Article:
Friday, 9 March 2012

Joseph Whitehead (NZ615160)

One of Canada’s greatest railway pioneers, Joseph Whitehead was born in Guisborough in 1814. He began his engineering career very young, reportedly serving as a fireman on Stephenson’s famous Locomotion in the 1820s, before progressing to railway construction – most notably having a hand in the Caledonian Railway in Scotland.

He made the bold move to Canada in the late 1840s, dragging his young family with him, where he helped build sections of the Great Western and Grand Trunk Railways and many more besides. Whitehead also dabbled in politics, becoming mayor for Clinton, Ontario, and serving as a Liberal MP in the 1st Canadian Parliament during 1867-72.

He was an entrepreneur, too, building a sawmill, among other things. Sensationally, in 1877, he brought the very first steam locomotive to the Canadian prairie provinces when he bought the Countess of Dufferin and transported it to its new home by boat up the Red River to Winnipeg. The train is today a museum piece in the city.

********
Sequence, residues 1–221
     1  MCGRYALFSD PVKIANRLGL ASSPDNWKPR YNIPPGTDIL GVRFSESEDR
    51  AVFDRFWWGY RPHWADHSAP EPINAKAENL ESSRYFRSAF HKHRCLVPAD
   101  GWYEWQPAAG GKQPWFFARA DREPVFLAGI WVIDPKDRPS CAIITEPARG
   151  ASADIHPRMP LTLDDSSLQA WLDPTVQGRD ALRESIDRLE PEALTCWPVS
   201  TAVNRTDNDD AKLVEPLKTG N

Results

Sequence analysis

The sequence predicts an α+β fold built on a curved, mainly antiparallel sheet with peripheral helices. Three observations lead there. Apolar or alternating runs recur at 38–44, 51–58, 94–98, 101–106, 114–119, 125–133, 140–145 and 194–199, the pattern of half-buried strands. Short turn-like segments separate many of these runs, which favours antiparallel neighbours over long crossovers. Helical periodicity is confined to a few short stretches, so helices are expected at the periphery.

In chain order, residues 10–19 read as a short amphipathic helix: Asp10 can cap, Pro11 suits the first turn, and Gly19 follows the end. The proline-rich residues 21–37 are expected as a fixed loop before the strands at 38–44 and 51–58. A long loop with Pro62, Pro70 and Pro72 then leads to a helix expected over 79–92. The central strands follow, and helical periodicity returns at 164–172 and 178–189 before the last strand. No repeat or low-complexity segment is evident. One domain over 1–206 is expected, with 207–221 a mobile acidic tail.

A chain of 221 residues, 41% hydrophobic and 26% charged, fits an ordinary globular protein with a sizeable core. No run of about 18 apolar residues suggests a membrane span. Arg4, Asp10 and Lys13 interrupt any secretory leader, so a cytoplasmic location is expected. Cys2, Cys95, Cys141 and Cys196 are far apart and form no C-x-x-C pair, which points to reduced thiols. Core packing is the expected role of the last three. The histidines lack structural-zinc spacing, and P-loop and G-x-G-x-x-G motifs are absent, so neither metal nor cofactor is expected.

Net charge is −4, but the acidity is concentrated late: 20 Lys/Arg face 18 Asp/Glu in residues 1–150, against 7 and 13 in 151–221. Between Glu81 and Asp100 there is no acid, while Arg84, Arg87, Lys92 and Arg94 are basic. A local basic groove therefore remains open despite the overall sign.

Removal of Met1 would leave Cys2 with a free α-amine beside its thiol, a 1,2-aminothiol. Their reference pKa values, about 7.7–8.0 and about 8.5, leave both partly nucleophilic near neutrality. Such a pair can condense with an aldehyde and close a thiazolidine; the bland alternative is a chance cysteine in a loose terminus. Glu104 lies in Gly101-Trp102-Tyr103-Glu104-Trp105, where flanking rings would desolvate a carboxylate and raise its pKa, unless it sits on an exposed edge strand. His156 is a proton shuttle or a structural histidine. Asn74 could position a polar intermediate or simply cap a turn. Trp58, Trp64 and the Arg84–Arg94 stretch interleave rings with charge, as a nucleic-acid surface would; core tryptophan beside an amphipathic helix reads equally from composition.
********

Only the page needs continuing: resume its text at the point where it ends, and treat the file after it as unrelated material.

Whitehead eventually retired to Clinton, Ontario, and died there in 1894 – aged 80 and a very long way from his native parish. His daughter, Charlotte, became a pioneer female doctor; and his gt-gt-granddaughter, Val Meredith, served as a Canadian MP as recently as 1993-2004.

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